A federal judge dissolved [text, PDF] the decision from earlier this week and halted the Michigan recount on Wednesday. Judge Mark Goldsmith of the US District Court for the Eastern District of Michigan [official website] had entered a temporary restraining order [text, PDF] “to cease any delay in the commencement of the recount of the presidential vote cast in Michigan” and to “continue [the recount] until further order of this Court.” While the US Court of Appeals for the Sixth Circuit [official website] affirmed the temporary restraining order they also stated that if the Michigan state courts deemed the recount improper for any reason the district court should consider motions “to dissolve or modify its order in this case.” The Michigan Court of Appeals [official website] held that recount should never have been initiated because the filing party, Green Party candidate Jill Stein [official website], is not an “aggrieved candidate” who had a reasonable chance of winning the election. The US District court agreed:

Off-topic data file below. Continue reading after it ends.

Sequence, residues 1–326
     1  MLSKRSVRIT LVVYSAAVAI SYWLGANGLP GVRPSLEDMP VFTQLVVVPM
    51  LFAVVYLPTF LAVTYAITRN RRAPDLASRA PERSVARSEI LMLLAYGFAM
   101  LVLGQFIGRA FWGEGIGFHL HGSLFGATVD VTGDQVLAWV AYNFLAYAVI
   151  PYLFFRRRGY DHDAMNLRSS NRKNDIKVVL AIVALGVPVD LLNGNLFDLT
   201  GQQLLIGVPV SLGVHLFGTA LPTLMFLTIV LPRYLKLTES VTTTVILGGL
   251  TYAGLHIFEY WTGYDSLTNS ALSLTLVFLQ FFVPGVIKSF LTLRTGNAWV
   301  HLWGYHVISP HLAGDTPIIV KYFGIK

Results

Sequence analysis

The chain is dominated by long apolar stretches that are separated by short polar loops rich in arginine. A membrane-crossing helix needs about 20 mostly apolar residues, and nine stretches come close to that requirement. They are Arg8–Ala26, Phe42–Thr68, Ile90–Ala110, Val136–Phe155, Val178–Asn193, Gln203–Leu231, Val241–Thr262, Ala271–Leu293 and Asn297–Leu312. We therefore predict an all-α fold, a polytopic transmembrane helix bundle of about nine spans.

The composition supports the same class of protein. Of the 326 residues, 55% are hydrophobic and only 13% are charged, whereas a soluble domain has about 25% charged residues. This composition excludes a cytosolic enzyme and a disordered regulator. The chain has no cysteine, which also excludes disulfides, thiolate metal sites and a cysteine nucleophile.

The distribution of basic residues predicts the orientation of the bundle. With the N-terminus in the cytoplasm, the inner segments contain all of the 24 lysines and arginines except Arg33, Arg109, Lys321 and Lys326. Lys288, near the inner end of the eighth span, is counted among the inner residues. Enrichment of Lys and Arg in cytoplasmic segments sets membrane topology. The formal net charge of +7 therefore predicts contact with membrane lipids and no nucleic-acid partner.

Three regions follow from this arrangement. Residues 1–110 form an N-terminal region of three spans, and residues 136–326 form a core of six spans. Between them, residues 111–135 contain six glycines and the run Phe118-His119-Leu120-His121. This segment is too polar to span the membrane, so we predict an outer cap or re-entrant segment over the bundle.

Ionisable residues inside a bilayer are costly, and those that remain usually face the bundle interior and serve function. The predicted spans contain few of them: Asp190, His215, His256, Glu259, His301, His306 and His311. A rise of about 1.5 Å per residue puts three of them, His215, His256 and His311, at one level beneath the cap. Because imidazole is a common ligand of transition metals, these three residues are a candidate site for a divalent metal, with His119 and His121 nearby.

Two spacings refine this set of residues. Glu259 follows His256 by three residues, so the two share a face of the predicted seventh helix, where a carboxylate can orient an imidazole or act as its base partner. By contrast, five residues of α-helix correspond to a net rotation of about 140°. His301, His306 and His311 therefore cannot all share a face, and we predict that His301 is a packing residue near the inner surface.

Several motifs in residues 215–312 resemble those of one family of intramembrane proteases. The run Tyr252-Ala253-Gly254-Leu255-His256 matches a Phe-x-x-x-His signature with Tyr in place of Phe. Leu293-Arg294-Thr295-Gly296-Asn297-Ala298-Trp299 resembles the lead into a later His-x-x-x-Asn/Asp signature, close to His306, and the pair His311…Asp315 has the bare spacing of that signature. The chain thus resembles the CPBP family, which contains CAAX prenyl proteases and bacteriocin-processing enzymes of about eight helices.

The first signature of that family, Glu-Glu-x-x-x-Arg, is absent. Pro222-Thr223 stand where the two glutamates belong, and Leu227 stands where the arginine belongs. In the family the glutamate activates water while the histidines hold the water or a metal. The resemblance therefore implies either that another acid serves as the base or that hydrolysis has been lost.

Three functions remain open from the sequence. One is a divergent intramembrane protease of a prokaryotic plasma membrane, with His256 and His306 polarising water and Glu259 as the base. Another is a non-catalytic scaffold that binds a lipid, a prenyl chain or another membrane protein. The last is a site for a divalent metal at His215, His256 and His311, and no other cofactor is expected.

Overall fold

It is at least arguable that the Michigan Legislature intended to confine costly and disruptive recounts to cases where a losing candidate stood a reasonable chance of changing the outcome of the election. That is certainly the typical petitioner for a recount, and nothing has been placed in the record to suggest that the Legislature may have had in mind a petitioner simply wishing to confirm the voting results, notwithstanding the absence of any reasonable likelihood of changing the result.
The US District Court also stated that Stein had failed to show substantial evidence that there was an “actual deprivation of voting rights.” Stein’s lawyers have expressed [NYT report] disappointment but have “no intention of giving up.”
Stein is also continuing to press for a recount [JURIST report] in Pennsylvania by filing a suit [complaint, PDF] against election officials in federal court Monday. A recount in Wisconsin began last week at Stein’s request. Each individual Wisconsin county may decide [JURIST report] if they will use electronic or manual means to recount. The need for the electoral college was called into question [JURIST report] by US Representative Steve Cohen (D-TN) [official website]. In late November a lawyer for the Hillary Clinton campaign announced [JURIST report] support for the recount in Wisconsin and promised to look into allegations of voter fraud.